It’s not every day that you’re invited to have dinner at the British Ambassador’s house at The Hague, Netherlands to discuss solutions to fix the small business banking problem and why it even exists in the first place.It’s an interesting question and one that is constantly on our minds here at tomato pay (formerly known as Fractal).
Although it’s a colossal task, unlikely to be solved at one dinner with a dozen people (including ING, Aegon, British Business Bank, Funding Options and Funding Circle), at the very least, these initial conversations spark action and debate, both necessary to begin the extensive process of helping small businesses with essential funding.
Everyone in attendance shared the same goal - to identify why banks find it so hard to finance small businesses and how we can work to solve this.
Throughout the dinner, the discussion focused on three central themes:
Banks continue to incorrectly categorise small businesses.
No two businesses are the same, yet, banks still treat them as if they are.
Banks continue to offer depersonalised, one-size-fits-all financial products to their clients. This lazy mentality contributes to the funding gap and harms small business owners who seek finance to suit their unique needs.
Banks need more access to business data to better calculate risk.
Banks base their credit and risk score on a number of factors, business details (how genuine is this); previous banking data and have they taken a loan out before (potential to pay); and business credit score, historical payments to suppliers and homeowner status (intention to pay).
Without automatic and clear access to all of this data, banks cannot make an appropriate, timely decision on lending.
Furthermore, these decisions are manual and laborious for both banks and small businesses who share the task of going back and forth with various financial documentation, leaving a lot of room for human error and bias.
There is a lack of visibility from banks to small businesses.
Expanding on the point above, if banks cannot fully see their small business client’s data, how are they expected to understand their needs?
Once upon a time, it would be difficult for banks to see all of a small business’s accounting, banking and payment data in an efficient, clear way.
This fragmentation of data causes significant delays when it comes to lending (banks can take up to 90 days to fund small businesses from the time they apply), especially when small businesses historically allow little time between applying for a loan and the time that they actually need it. In the end, this can cause a small business to run out of money and ultimately, fail.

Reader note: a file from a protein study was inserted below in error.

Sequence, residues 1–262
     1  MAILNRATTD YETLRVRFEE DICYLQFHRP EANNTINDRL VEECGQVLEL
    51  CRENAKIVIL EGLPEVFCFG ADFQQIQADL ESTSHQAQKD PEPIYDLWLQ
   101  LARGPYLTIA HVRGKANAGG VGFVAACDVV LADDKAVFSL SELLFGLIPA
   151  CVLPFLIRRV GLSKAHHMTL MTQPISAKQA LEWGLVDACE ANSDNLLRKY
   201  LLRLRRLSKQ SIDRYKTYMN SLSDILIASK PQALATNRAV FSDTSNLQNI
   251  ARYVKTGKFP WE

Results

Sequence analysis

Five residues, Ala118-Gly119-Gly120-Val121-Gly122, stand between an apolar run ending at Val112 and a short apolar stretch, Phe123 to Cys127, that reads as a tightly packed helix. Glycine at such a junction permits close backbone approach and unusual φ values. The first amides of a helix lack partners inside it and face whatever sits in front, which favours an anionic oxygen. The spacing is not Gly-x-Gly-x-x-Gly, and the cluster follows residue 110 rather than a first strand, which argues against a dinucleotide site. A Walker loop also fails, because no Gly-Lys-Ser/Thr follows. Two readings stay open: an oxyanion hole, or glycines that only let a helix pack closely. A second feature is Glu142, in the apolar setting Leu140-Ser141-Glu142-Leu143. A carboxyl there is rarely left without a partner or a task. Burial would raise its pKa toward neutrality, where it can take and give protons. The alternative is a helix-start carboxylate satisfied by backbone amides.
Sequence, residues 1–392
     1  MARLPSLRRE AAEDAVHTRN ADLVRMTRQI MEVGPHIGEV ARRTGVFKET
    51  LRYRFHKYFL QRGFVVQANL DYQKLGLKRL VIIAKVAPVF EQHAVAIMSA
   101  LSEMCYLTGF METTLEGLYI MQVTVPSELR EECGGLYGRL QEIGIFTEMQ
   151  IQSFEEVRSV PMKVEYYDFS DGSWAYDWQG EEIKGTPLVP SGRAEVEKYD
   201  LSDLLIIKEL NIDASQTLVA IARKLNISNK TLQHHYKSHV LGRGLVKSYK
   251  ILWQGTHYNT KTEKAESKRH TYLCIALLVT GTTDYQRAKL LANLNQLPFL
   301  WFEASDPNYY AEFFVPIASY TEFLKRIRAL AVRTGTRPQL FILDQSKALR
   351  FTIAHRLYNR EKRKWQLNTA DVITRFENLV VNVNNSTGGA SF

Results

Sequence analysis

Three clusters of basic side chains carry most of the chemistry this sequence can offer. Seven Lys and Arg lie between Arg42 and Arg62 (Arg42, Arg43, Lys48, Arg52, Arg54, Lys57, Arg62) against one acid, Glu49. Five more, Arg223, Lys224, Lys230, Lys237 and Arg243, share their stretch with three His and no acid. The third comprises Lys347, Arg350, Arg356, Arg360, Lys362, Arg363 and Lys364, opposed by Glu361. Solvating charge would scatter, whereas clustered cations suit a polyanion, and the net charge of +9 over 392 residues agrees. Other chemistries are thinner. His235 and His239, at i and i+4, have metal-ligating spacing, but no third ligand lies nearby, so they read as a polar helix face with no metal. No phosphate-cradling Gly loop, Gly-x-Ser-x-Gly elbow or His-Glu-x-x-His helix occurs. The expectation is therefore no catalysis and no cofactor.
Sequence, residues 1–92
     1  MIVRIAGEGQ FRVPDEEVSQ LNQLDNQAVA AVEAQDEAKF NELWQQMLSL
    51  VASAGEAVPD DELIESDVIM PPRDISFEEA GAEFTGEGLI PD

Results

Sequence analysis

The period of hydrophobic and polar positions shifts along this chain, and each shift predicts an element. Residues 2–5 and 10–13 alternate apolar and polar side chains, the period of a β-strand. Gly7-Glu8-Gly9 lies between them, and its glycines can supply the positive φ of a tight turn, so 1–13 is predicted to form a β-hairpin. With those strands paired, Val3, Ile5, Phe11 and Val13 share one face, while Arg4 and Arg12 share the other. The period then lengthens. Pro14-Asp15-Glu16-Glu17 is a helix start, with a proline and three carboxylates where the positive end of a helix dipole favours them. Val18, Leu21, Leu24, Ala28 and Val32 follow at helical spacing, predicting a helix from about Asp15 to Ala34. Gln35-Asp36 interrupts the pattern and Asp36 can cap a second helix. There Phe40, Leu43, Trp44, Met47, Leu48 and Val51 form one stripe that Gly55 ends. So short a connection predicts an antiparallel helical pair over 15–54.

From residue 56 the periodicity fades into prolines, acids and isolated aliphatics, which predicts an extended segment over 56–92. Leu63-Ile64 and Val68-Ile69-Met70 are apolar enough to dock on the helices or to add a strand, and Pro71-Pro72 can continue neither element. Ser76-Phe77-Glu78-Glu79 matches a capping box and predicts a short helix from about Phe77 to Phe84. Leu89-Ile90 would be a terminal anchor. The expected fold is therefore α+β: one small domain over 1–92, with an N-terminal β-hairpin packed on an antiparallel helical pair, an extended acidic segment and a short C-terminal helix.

What can we do about it?
To help improve the small business banking experience, three points should be taken into consideration:
Embracing regulation such as Open Banking. Opening up data gives small businesses a better chance of getting products that can help them understand and save time managing their finances.
Understanding the importance of new technologies such as AI and machine learning. Technologies like this can help to improve their predictive scoring systems, giving small businesses a better chance of accessing finance.
Improving engagement with small businesses. To better serve small businesses, first, everyone needs to go the extra mile to understand who they are and what sort of financial help (for example, access to funding, or better insights to understand their future cash flow) they need to succeed. If banks were to have a clear view of their small business client’s data, then they could engage preemptively. For example, they could let their client know exactly when they will need additional financing and which financial product will suit their needs based on their historical data and predicted forecasted cash flow.
We can already see that innovative fintechs and forward-thinking banks are taking the time and resources to solve this burgeoning issue. Open discussions, like the one we participated in at the Hague last December, can help us identify and address the problem at hand - the current disconnect between the financial industry and small businesses.